Anemone split into 3 - is this "normal"?

Discussion in 'Reef Fishes' started by Greg Hewitt-Long, Apr 16, 2004.

  1. I had an anemone - I bought it as a ritteri, but it might be another
    species. Anyway - it split last night, which I understand is
    something that can be used as a reproductive method by anemones - my
    questions is:

    If an anemone splits, and splits into 3 - is this "normal"?

    Here is a picture of "before"

    http://test.webyourbusiness.com/anemone/before_split.jpg

    the anemone is right of picture, perched at 2:30 from the orange
    sponge (right of screen). At that time, it was 5.5 inches across, or
    about 18 inches around.


    Here is the "after" picture:

    http://test.webyourbusiness.com/anemone/after_split.jpg

    Last night he was walking over the edge of the rock - this morning
    he's in 3 pieces! On first inspection, 2 of these pieces are kind of
    round - small anemone looking pieces, while the one on the back of the
    rock is long and thin - I'm not not sure how to describe it. Anyway,
    I touched each piece individually, and they appear to be "alive" - ie,
    they shrink when touched. Next, I tooks some small pieces of raw
    shrimp, and attempted to "feed" them - you can see the shrimp which
    was put to two pieces of the anemone, but the top piece ate his shrimp
    in about 1 minute flat - ie, it ingested it VERY quickly!

    Now to my tank details - it's a 100 gallon 6 foot tank, I do NOT have
    VHO lighting, but I did have the anemone only 6 inches or so below the
    surface.... I'm not sure if I have ENOUGH light, but for about a month
    the anemone has appeared to do well, and our sole percula hosted with
    it after about 12 days - only to leave it about a week ago - does this
    sound normal - do anemones get "hostile" or change chemistry, or is it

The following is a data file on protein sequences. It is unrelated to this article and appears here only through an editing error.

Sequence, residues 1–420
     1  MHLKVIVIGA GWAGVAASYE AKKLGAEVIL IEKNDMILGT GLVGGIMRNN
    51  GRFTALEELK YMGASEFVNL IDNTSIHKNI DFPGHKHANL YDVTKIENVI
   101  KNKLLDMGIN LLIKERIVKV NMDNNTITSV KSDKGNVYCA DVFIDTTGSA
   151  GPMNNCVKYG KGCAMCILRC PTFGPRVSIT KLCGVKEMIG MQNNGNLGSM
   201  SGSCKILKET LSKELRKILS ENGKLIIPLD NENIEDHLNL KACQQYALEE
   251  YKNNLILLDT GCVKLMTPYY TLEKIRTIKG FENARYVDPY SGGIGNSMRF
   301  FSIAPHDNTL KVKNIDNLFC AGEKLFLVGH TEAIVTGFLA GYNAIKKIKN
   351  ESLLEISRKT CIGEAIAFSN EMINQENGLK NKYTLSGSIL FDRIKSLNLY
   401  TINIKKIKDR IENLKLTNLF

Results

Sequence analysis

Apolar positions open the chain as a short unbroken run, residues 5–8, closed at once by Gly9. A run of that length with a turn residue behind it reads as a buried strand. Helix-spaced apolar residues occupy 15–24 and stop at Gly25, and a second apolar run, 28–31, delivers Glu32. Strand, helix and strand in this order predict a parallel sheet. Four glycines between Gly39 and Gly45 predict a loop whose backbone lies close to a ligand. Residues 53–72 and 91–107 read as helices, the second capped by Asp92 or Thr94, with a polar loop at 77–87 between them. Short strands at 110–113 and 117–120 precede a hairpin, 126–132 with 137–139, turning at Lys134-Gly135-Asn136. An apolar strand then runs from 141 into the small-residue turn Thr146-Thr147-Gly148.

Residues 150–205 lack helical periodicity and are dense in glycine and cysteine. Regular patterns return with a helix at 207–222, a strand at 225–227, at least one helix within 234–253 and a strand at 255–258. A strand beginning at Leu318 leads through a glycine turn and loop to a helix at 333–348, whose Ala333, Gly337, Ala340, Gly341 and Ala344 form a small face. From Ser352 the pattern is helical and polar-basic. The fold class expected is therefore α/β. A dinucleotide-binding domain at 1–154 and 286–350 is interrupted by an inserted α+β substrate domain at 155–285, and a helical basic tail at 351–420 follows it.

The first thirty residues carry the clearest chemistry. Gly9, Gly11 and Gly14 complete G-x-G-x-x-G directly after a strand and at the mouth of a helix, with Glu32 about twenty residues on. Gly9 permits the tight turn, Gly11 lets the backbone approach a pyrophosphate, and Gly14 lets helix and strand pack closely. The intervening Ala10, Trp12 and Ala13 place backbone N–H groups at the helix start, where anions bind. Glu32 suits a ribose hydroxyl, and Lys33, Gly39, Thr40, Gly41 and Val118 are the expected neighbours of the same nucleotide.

a sign that things might not be well with the anemone?

    The percula does appear to WANT to be hosted still, but isn't nuzzling
    like it used to.

    Any advice will be GLADLY accepted!

    thanks

    Greg
     
    Greg Hewitt-Long, Apr 16, 2004
    #1
    1. Advertisements

  2. Greg Hewitt-Long

    Don Geddis Guest

    newsposting0209@webyourbusiness.com (Greg Hewitt-Long) wrote on 16 Apr 2004 08:0:
    > I had an anemone - I bought it as a ritteri, but it might be another
    > species. Anyway - it split last night, which I understand is
    > something that can be used as a reproductive method by anemones - my
    > questions is:
    > If an anemone splits, and splits into 3 - is this "normal"?


    I had a rose bubble-tip that split into three. I captured much of the
    split on camera:
    http://reef.geddis.org/life.html#rose

    Some theories suggest that stress in the environment (e.g. poor water quality)
    may spur anemones to split. Or, they may do it if they get fed a lot and
    get big. Nobody really knows what determines whether they spawn (sexual
    reproduction) or split (asexual).

    I wouldn't take an anemone split, just by itself, as a sign of trouble.

    > Anyway, I touched each piece individually, and they appear to be "alive" -
    > ie, they shrink when touched. Next, I tooks some small pieces of raw
    > shrimp, and attempted to "feed" them - you can see the shrimp which was put